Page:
Diary of an Author

I’ve been a teacher since before shoulder pads were fashionable. I was a teacher before Pamela dreamed that Bobby Ewing was dead, and I’d taught lots of irregular Irish verbs by the time Glenn Close boiled the bunny in Fatal Attraction. And then I became a parent, so I had two jobs – surely more than enough for anyone.

Trouble was, all through those long, happy teaching and parenting years there lurked at the back of my mind the notion that one day I might write a novel. One vague day in a faraway, distant future.

Easter 1999

It happened. I took a trip to West Cork and while walking on a wet, windswept beach, I was struck by an idea for The Novel. I was terribly excited, and when I returned home two days later, my novel was finished.

In my head, that is.

My mind raced, and I could think of little else. I composed sections in my mind while waiting outside the children’s school, and putting out the rubbish bins. As I mashed potatoes, and prepared school lunches, I grappled with the finer points of my plot, trying to decide quite how seriously my heroine should fall for the long-haired waster.

And then one grey Saturday, when all three children had been invited out for the afternoon, I had a choice: do the ironing or switch on the word processor. So no choice really.

I sat in front of the grey monster, and I started to write. I wrote furiously for six weeks. The kitchen quickly became a very messy place that I ran through on my way to the room where the computer was kept. My word processor was in constant use, while my food processor rusted away quietly at the back of a cupboard. Initially, the children were very happy. But after the first ten days, the house rang to the unfamiliar tune of, “oh, Mum, can’t we have stew, or bacon and cabbage or something?” My reply was always the same, “Be quiet and eat your pizza. You’ll be glad when I’m famous.”

June 1999

The Great Novel was finished at last. No homework done. (What kind of a teacher does that make me?) The full, unrevised, unrequested manuscript was carefully checked for porridge stains, and sent to unfortunate publishers. I decided to take a career break from the day job. I now had vague notions of becoming a great novelist, a super-mother and an adequate tennis player.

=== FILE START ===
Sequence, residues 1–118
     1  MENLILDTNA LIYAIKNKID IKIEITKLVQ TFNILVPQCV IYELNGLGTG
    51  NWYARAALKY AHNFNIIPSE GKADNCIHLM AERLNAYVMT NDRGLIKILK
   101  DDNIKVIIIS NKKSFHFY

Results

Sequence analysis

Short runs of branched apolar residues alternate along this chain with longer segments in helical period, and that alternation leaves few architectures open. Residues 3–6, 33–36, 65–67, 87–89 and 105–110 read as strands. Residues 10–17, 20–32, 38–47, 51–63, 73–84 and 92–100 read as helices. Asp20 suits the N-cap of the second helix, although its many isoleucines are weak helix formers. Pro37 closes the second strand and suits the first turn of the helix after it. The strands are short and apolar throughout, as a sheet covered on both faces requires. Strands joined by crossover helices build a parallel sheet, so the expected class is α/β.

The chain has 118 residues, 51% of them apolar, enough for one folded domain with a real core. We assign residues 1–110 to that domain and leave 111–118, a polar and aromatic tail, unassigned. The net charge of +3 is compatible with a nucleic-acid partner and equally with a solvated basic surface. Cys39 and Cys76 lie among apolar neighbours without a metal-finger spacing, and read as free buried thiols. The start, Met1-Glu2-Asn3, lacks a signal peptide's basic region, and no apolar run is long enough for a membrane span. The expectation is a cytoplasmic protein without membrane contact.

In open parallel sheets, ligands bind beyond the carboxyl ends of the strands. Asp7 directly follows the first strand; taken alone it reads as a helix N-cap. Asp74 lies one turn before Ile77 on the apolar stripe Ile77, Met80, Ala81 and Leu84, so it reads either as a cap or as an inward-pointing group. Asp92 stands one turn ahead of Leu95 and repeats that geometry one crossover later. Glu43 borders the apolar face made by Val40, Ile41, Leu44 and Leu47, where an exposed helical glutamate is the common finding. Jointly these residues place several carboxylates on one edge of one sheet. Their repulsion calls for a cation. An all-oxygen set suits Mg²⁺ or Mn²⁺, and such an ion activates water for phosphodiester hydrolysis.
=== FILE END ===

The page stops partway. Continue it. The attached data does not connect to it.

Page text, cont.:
September 1999

The Great Novel crashed through my letterbox waking all the neighbours. The huge package narrowly missed my children who were wrestling in the hallway. Thanks, but no thanks. It was back to the word processor for some badly needed redrafting.

October 1999-June 2000

The Great Novel was rewritten and expanded. Several times. It made a few more forays into the big bad world. My neighbours began to complain about the succession of loud thumps on the doorstep. My children wisely decided to do their wrestling in their bedrooms.

September 2000

I reluctantly returned to my day job. The pay was better, and the neighbours didn’t complain so much. And I had an excuse for not being a super-mother who made her own mincemeat, baked bread with real yeast, and who had the schoolbooks covered by the second week of July.

The Great Novel languished on my word processor, ignored and unloved. Clearly this writing lark wasn’t meant for me. I spent a year being a teacher and a mother again.

September 2001

One long, wet afternoon, the children were seriously cross. I parked them in front of the television for the sake of their health and mine. Something inspired me to switch on the computer. I re-read the Great Novel, and got a wonderful surprise. It wasn’t so bad. I did my homework on the Internet and found the correct way to submit a novel to publishers. Over the next week, lots more pizza was consumed in our house as I rewrote the first three chapters, composed a synopsis, and sent both to new publishers.